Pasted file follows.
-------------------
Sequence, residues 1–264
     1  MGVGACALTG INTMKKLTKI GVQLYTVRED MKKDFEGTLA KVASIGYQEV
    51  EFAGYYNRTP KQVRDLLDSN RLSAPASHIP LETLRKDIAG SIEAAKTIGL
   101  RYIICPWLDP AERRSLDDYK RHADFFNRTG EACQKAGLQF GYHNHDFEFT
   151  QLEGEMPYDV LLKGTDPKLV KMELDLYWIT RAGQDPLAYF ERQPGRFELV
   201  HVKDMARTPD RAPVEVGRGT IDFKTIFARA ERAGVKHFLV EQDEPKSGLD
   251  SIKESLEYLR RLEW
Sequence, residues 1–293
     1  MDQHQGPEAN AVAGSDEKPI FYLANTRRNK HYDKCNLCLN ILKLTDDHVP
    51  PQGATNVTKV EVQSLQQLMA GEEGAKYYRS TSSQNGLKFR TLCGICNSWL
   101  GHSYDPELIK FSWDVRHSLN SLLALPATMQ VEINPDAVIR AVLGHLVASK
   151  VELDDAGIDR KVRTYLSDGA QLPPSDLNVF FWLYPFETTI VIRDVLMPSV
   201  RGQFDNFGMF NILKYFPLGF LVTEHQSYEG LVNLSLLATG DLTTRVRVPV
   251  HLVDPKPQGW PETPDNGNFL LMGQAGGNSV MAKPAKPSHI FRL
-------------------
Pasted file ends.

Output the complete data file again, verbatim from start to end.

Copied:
Sequence, residues 1–264
     1  MGVGACALTG INTMKKLTKI GVQLYTVRED MKKDFEGTLA KVASIGYQEV
    51  EFAGYYNRTP KQVRDLLDSN RLSAPASHIP LETLRKDIAG SIEAAKTIGL
   101  RYIICPWLDP AERRSLDDYK RHADFFNRTG EACQKAGLQF GYHNHDFEFT
   151  QLEGEMPYDV LLKGTDPKLV KMELDLYWIT RAGQDPLAYF ERQPGRFELV
   201  HVKDMARTPD RAPVEVGRGT IDFKTIFARA ERAGVKHFLV EQDEPKSGLD
   251  SIKESLEYLR RLEW
Sequence, residues 1–293
     1  MDQHQGPEAN AVAGSDEKPI FYLANTRRNK HYDKCNLCLN ILKLTDDHVP
    51  PQGATNVTKV EVQSLQQLMA GEEGAKYYRS TSSQNGLKFR TLCGICNSWL
   101  GHSYDPELIK FSWDVRHSLN SLLALPATMQ VEINPDAVIR AVLGHLVASK
   151  VELDDAGIDR KVRTYLSDGA QLPPSDLNVF FWLYPFETTI VIRDVLMPSV
   201  RGQFDNFGMF NILKYFPLGF LVTEHQSYEG LVNLSLLATG DLTTRVRVPV
   251  HLVDPKPQGW PETPDNGNFL LMGQAGGNSV MAKPAKPSHI FRL